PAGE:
Unemployed over 50s are two and a half times as likely as younger age groups to be out of...read more
A new report from the ILC-UK think tank calls on G20 governments to invest more in removing barriers to working in older age as part of an Ageing Society New Deal to unleash a ‘longevity dividend’.
G20 governments should commit to an Ageing Society New Deal and invest more in preventative health, supporting older workers and reducing avoidable barriers to spending, according to a new report.
The report launched ahead of the G20 Finance Ministers’ meeting by the International Longevity Centre UK think tank shows that, in 2014, workers aged 50 and over earned every third dollar in the G20 economy. It says that, by 2035, older workers are projected to generate nearly 40% of all earnings across the G20.
It also shows that, in 2015, spending by older households in the G20 averaged 22% of GDP, amounting to almost $10 trillion, more than the combined GDP of Japan, Australia, Canada and Brazil.
And it estimates that the average unpaid contributions of older people across the EU and Turkey could be worth as much as 1.4% of GDP.
The report argues that leveraging the economic contributions of older people will be instrumental in the global post-pandemic recovery, and that addressing health barriers to spending, working, caring and volunteering for longer can unlock a significant ‘longevity dividend’.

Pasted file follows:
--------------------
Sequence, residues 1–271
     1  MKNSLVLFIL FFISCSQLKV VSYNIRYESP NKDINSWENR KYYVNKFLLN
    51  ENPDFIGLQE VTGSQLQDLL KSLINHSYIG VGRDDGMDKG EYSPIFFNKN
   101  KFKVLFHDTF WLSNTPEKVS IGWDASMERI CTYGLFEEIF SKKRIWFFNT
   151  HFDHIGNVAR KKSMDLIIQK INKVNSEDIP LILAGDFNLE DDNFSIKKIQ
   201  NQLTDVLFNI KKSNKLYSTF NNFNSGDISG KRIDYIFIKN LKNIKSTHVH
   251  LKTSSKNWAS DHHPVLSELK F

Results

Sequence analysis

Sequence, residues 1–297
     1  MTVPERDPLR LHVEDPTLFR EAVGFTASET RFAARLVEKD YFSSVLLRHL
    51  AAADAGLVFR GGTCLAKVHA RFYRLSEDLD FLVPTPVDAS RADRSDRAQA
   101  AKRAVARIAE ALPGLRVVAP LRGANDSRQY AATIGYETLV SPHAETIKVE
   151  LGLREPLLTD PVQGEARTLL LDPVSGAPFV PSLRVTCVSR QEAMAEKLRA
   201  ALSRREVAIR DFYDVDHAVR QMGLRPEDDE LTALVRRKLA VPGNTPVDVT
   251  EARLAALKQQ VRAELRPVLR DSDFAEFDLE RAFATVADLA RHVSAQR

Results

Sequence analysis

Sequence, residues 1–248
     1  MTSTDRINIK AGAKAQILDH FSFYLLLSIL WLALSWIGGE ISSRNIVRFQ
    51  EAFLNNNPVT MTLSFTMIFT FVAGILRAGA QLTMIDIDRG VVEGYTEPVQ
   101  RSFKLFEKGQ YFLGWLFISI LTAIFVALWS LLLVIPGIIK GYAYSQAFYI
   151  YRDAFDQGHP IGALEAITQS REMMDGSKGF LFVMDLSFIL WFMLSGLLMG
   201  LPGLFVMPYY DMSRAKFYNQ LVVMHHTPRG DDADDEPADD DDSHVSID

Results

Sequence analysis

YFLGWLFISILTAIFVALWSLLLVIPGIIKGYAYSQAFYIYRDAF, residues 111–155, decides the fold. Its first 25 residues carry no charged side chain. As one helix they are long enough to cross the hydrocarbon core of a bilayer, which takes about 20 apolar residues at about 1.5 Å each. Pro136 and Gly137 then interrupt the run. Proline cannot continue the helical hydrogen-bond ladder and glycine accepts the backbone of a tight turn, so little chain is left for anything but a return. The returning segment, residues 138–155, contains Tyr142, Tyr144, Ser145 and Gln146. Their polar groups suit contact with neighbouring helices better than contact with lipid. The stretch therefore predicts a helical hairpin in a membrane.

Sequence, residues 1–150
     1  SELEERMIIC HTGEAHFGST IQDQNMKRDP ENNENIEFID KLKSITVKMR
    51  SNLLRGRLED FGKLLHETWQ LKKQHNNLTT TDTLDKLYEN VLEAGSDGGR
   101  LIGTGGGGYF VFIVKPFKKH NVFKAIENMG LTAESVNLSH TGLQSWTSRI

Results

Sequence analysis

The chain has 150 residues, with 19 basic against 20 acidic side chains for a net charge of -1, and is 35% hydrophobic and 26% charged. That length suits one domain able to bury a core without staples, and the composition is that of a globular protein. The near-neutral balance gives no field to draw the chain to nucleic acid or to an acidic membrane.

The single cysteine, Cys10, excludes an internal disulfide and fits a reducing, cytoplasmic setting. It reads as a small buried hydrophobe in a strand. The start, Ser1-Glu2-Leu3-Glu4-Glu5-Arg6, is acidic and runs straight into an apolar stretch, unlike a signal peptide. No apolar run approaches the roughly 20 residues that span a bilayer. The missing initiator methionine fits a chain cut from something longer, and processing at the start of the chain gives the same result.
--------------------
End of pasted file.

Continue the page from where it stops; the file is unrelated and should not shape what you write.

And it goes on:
The analysis finds that countries that spend more on health as a proportion of GDP see higher employment participation, higher informal contributions like caring and volunteering and higher spending by older people.
Moreover, it says increasing preventative health spending by just 0.1% is associated with a 9% increase in annual spending by people aged 60 and over.
The ILC-UK predicts that if G20 countries enabled older people to work at the same rates as seen in Iceland, they could see an average GDP gain of around 7% – or $3.7 trillion.
David Sinclair, Director of the ILC-UK, said: “We’ve become accustomed to our ageing population being presented as a bad thing. Dangerous rhetoric suggesting older people are disposable has become far too common – particularly since the start of the COVID-19 pandemic.”
“We can’t ignore the challenges for the public purse and the wider economy – but realising the opportunities of ageing can help address these. Older people’s social and economic impact is already significant, but there’s potential to increase this further. The barriers they face are in part avoidable – and the most important is poor health.”
“It’s time to start treating older people not as the problem, but as part of the solution. Coming out of this global recession will rely on us better engaging workers, consumers, volunteers and carers of all ages.”